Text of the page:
Johannesburg - If ever there was a textbook example of the expression “too little too late”, it has to be the Southern Kings’ game against Western Force last Sunday.
Looking at the 46-41 final scoreline, it was almost as if the two sides – who knew they would be a step closer to Super Rugby extinction the moment Sanzar announced its plans to cull three teams from the competition after their game – had had a gentleman’s agreement to thumb their noses at the powers that be.
Walk the plank
Apart from the shoddy defence, the match was an absolute ripper, with both sides stretching their legs, and fly half Lionel Cronjé finally showing off the skills he was known for in his school days.
But it was practically the last kick of a dying horse as the two teams are, along with the Cheetahs, favourites to be offloaded from the Super Rugby roster. The Force are trying to sue their way out of trouble, but it is difficult to imagine any team other than the Kings and the Cheetahs walk the plank in South Africa.
Sure, SA Rugby has come up with a criterion for who should be dropped, but one could hardly see the three-time champion Bulls, regardless of their current form; the Lions, who were finalists last year; the in-form Stormers; or the Sharks, who are former finalists, being relegated.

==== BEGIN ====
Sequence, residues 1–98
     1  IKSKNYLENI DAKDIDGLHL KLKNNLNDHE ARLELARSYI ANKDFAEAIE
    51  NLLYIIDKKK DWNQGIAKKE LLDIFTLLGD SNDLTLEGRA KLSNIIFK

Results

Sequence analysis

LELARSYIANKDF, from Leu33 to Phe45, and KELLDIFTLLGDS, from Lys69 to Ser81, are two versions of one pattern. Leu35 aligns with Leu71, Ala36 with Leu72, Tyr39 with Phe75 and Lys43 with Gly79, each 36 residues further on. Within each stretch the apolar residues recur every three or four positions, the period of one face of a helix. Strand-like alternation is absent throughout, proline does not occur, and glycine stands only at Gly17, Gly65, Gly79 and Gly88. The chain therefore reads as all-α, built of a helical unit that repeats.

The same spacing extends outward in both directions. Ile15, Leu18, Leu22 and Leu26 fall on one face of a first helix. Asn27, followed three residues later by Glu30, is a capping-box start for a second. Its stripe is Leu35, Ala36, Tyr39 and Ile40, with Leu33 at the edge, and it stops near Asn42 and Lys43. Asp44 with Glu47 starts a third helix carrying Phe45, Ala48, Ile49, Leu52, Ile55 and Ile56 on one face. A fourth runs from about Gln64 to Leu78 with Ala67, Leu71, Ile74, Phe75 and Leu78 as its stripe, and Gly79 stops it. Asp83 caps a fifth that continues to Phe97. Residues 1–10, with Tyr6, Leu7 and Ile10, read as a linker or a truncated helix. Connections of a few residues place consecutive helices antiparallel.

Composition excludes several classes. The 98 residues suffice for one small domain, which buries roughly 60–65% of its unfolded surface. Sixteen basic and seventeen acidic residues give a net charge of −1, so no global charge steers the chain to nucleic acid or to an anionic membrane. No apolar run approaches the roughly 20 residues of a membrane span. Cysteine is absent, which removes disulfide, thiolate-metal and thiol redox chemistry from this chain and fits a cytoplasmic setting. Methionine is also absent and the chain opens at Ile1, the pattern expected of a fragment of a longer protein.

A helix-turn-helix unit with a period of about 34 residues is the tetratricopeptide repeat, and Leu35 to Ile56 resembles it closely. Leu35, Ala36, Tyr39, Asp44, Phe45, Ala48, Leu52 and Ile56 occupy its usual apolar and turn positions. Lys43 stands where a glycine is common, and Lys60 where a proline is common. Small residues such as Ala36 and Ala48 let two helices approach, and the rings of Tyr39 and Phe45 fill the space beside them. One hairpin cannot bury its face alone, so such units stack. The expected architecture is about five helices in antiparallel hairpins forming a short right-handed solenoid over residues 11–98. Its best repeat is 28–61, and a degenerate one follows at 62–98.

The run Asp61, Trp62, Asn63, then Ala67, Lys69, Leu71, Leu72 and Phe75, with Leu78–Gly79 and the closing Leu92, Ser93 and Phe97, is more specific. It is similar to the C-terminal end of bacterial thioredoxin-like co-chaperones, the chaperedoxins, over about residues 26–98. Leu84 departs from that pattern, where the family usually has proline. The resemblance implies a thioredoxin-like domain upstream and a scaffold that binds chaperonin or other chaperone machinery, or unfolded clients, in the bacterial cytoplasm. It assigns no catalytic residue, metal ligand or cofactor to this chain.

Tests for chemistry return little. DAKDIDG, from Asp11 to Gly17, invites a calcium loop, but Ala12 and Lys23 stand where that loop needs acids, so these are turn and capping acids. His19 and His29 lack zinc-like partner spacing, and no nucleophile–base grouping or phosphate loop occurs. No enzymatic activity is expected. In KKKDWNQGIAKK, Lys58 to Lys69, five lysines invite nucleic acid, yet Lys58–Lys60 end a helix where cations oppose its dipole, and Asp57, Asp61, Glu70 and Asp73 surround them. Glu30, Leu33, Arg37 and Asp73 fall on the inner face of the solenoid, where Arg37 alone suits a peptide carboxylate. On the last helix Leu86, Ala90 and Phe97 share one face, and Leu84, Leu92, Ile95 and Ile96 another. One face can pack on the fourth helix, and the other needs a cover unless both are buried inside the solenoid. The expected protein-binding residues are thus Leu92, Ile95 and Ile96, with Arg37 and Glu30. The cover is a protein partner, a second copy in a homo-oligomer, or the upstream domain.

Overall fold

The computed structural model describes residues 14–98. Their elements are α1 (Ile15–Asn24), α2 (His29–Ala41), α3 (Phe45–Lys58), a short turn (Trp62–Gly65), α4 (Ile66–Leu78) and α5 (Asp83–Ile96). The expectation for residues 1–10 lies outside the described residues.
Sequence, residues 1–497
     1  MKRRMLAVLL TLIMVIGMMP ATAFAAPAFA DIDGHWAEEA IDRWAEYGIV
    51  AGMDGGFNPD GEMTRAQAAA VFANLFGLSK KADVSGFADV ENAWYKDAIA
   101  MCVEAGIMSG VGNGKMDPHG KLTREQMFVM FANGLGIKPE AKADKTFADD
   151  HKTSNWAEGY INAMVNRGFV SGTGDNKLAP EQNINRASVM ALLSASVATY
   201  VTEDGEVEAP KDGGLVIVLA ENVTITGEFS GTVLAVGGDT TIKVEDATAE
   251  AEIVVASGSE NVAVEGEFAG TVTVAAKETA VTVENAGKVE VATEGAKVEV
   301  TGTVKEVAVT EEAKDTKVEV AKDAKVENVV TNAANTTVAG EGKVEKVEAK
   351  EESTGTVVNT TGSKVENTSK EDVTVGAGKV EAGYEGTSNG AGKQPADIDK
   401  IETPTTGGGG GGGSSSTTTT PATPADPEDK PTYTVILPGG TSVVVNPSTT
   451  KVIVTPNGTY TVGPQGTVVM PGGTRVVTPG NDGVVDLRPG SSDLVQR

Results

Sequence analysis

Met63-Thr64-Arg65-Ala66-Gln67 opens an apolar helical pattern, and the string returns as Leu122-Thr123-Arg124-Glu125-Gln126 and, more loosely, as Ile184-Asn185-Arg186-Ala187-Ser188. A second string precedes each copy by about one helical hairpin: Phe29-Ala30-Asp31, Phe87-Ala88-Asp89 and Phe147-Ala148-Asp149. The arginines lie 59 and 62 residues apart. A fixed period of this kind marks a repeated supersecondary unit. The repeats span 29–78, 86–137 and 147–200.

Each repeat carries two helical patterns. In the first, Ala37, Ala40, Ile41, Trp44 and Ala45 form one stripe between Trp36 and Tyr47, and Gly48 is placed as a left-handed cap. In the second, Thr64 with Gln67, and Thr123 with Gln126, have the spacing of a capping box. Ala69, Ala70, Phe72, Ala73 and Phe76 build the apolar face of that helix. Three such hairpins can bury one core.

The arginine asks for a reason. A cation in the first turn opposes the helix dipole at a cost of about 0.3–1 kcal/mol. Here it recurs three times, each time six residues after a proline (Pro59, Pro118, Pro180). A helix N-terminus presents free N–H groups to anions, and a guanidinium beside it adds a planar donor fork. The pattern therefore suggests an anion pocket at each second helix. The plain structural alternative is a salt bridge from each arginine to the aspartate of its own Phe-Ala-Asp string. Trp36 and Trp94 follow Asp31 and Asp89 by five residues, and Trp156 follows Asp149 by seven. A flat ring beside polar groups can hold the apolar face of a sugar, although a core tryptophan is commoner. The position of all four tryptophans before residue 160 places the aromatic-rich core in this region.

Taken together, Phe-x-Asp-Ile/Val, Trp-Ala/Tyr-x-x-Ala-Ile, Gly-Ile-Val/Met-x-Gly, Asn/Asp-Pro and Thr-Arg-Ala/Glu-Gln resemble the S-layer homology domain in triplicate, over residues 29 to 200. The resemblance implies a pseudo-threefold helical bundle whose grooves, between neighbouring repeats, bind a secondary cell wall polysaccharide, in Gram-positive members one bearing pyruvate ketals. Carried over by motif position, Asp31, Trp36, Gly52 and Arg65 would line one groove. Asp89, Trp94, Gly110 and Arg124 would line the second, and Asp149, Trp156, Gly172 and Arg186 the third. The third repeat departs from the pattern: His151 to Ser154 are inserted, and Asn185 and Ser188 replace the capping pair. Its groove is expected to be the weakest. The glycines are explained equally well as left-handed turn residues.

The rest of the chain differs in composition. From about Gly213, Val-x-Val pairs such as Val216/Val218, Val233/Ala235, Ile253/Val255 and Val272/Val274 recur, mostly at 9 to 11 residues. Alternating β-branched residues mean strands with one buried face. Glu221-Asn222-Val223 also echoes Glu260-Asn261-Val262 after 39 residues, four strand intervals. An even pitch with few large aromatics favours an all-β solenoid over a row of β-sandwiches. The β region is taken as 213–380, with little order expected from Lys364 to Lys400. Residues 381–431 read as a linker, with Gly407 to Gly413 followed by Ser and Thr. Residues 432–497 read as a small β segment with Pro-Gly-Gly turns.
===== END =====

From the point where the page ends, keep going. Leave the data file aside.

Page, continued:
The folks in Bloemfontein might see this as the end of the world, but it isn’t quite as big a death knell as it is for the area represented by the Kings, the Eastern Cape. It is a pity that what was once an inspired idea to give a massive rugby area a meaningful team will forever be consigned to the status of a lost opportunity.
And what a time for them to be dropped – the Kings have been competitive and would actually have won three games by now had they hung tight against the Sharks and in last weekend’s thriller against the Force.
The brand of rugby they play may, at times, be of the exhibition variety, but it’s better than the dross the Bulls give us every week. And whoever had not heard of Makazole Mapimpi, Yaw Penxe, Andisa Ntsila, Tyler Paul and Justin Forwood now knows their names.
To be sure, all the above players and those who have revived their careers in Port Elizabeth will find homes in the remaining four Super Rugby sides, as more players depart for the European club merry-go-round, but it was nice to see a team playing as many homegrown players as the Kings were.
It is ironic that the pending axings come at a time when the unions are open to privatisation. It is a far-fetched example, but what if a Robert Gumede was interested in a return to rugby and chose the Kings – not only to bankroll, but to run the kind of transformed team he could not quite run at the Lions?
But for all of that, the people of the Eastern Cape have to take as much blame for the Kings’ demise as anyone. When the Kings made their debut a few years ago, the occasion was marked by full stadiums, but when the administrators ran the whole thing into the ground, the Kings faithful voted with their feet.
Maybe the lesson for the Eastern Cape is to rebuild by pooling their resources to get a strong enough team to win domestic competitions. Either way, they made a regular dog’s breakfast of the Kings experiment.
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